One in five people who plan on getting married feel expected to spend between $5,000 and $10,000 on an engagement ring for their future spouse, according to TD Bank's recent Love and Money survey, which polled 1,753 U.S. adults.
Despite these societal pressures, a majority of respondents (59%) say they still only spent between $500 and $2,500 on their partner's ring — a far cry from the three months' salary conventional wisdom often dictates. In fact, the typical American puts down just two weeks' salary, according to the New York Times.
Following that three-month guideline, a person earning $61,937, the current U.S. median household income, would have to spend around $15,500 before taxes on a ring. That's significantly more than the $2,500 maximum a majority of respondents reported actually spending.
Clearly, the three-month rule is no longer the norm. Here's what experts say about where these societal pressures come from and how you can take a smarter approach to saving up for your significant other's engagement ring.
The unrealistic, and sometimes stress-inducing, expectations about how much you should spend on an engagement ring have many places of origin.
The three-month rule stems from a marketing campaign the De Beers diamond company ran in the 1930s that sold the idea that true love and commitment could only be shown if a man spent a month's salary on his wife's ring. In the 1980s, that expectation grew to two months' salary, and later, three months' worth, wedding website The Knot reports.
Social media also often causes people to compare rings and proposal stories online.
"It's the Instagram and Facebook society. The first thing that someone does when they get engaged is post a picture of the ring," says Ryan Marshall, a certified financial planner at Ela Financial Group.
Knowing the ring will be shown off to friends and family can cause added stress in the buying process, Marshall says. Will it live up to their standards?
Pop culture and media also play into how society views marriage and engagements. It's common for celebrities and other well-known public figures to drop millions on massive diamond rings as a way of displaying their wealth or financial status. Take Jennifer Lopez, for example. Her ring cost her husband, Alex Rodriguez, an estimated $1.8 million, at least — a fact that was heavily publicized.
That's all in addition to the pressure of choosing a ring that's worthy of your significant other. "For many people, they may start to feel like spending more money is a sign of more love or more affection than if they spent less," says Kaleb Paddock, a certified financial planner at Ten Talents Financial Planning.
Despite these pressures, there is some good news for young people: If you aren't interested in spending thousands in order to propose, you're right on trend. More and more young people aren't buying high-cost engagement rings and a majority think one should cost less than $2,500, according to a 2019 survey from TD Ameritrade.
When determining how much to put toward your partner's ring, it's best to "simply ignore any salary metrics" and focus on what you can realistically spend, explains Malik S. Lee, an Atlanta-based certified financial planner at Felton and Peel.
Marshall agrees. He sees "far too many people spending too much on an engagement ring, and then, they have very little money left for their other financial goals, such as home buying."
For a more manageable salary metric, Paddock advises his clients "to spend no more than 5% of your salary on an engagement ring." For those earning $61,937, the U.S. median household income, that's about $3,000.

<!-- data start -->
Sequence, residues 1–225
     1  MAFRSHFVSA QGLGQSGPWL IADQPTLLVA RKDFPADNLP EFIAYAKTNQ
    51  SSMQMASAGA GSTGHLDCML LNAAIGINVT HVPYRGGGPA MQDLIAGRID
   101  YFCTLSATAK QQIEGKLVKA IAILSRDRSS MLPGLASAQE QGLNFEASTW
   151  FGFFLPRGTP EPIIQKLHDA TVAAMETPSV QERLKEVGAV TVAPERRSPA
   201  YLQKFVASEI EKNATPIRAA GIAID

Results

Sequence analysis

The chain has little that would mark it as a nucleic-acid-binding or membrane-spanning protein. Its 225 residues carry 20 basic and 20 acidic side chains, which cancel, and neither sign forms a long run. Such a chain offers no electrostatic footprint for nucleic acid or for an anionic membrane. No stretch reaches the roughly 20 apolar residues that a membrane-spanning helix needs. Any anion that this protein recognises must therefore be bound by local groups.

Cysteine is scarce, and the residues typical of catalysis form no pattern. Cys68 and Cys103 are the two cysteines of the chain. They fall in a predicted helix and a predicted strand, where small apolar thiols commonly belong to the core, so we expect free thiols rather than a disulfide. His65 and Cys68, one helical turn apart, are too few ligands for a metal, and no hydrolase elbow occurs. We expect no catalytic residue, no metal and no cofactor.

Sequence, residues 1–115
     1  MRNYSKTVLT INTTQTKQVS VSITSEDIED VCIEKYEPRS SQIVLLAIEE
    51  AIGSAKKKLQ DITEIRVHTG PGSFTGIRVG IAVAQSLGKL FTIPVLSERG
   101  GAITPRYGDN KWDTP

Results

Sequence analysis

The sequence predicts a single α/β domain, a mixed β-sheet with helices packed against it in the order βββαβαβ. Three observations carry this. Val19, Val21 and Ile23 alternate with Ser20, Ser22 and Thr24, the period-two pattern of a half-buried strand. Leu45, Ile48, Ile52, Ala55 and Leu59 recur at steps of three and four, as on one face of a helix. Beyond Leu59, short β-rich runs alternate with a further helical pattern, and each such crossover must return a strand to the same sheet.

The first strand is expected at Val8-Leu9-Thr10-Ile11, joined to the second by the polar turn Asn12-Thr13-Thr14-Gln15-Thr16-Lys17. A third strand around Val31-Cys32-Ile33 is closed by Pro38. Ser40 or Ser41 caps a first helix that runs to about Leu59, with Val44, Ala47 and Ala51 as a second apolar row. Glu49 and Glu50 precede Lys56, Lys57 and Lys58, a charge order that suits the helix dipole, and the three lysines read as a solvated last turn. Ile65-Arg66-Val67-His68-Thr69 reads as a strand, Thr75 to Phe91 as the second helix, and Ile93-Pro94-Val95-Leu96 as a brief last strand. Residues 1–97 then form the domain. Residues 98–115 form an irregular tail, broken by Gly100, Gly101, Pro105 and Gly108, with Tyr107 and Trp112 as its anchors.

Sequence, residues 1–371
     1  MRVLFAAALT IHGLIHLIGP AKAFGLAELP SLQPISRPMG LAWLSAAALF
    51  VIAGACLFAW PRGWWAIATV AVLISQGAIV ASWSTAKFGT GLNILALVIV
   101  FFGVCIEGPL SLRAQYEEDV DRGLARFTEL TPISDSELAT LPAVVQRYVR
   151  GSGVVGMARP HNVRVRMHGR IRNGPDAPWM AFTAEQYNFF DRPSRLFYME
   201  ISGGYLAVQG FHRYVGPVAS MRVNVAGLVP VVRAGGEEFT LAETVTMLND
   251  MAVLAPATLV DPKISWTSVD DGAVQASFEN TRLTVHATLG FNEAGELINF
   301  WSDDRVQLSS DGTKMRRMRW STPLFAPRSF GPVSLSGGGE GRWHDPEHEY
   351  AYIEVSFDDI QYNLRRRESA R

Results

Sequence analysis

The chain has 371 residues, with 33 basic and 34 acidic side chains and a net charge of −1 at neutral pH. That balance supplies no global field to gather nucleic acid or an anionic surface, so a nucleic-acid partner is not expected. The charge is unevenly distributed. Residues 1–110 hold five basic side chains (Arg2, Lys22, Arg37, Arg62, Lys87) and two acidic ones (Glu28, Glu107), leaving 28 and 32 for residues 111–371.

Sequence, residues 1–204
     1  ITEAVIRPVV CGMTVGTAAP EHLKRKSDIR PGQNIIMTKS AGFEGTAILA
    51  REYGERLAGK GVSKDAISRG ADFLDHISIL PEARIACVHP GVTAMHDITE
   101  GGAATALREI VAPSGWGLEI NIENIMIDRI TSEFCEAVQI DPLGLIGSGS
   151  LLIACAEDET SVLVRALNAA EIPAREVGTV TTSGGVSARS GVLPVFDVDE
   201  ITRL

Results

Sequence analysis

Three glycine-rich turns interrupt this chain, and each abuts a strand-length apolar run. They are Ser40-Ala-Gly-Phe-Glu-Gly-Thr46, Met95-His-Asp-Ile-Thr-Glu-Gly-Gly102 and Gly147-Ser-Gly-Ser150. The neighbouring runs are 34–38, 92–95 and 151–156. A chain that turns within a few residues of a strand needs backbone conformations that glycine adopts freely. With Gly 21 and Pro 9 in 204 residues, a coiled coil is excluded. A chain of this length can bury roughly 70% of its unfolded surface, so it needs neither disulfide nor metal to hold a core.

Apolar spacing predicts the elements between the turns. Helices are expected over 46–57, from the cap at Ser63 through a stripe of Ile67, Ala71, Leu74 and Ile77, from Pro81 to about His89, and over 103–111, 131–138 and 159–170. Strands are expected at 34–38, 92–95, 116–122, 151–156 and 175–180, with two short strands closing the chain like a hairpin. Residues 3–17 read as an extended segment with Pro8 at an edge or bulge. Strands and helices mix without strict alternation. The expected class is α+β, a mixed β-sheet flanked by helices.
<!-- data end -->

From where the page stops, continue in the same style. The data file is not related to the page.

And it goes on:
It's can also be smart to figure the cost of an engagement ring into your total wedding costs, Lee says. In 2019, the average U.S. wedding, including the engagement ring, cost $33,900, according to the latest Real Weddings study from The Knot.
"It might behoove you to keep the price reasonable if you are not looking to cut back on the wedding itself," Lee says. "Far too often people will come out of weddings in debt, but if you plan ahead properly, you may minimize that."
No matter how much you decide to spend on a ring, it can still be a big purchase. But there are several savings strategies that can make the process easier.
Start by "setting up a separate account that is earmarked for the ring," Marshall says. "Within this account, put any extra money saved or earned."
Saving small amounts consistently over time can go a long way. Say you're paid bi-weekly and decide to deposit $40 per paycheck into your ring fund. That's $80 a month, and after one year, you'll have $960 put away.
If you don't want to manage bi-weekly deposits, you can also "create an automatic direct deposit through your employer," says Lee. "Using this strategy can help safeguard any savings goals from things like impulse buying, procrastination and inconsistency," he adds.
Additionally, look for ways to tighten your budget and limit unnecessary spending. Packing your lunch, cooking dinner at home and taking public transportation (rather than car services), can help you spend less and put more toward your ring fund.
But, remember, if you can't reasonably afford the ring you want, you shouldn't push the price you're willing to pay too far.
Avoid turning to short-term solutions, such as using a credit card or digging into your retirement savings, to cover ring costs. You should always think about what will be best for both you and your partner financially before taking on any high-interest debt.
And if you can't afford your partner's "dream ring" right now, Lee says you shouldn't be discouraged. "As a married man myself, someone wise once told me not to go too big because if you are married long enough, there is a great chance that you will be upgrading their ring or buying a new one anyway at some point," Lee says. "After 13 years of marriage, needless to say, they were right."
Like this story? Subscribe to CNBC Make It on YouTube!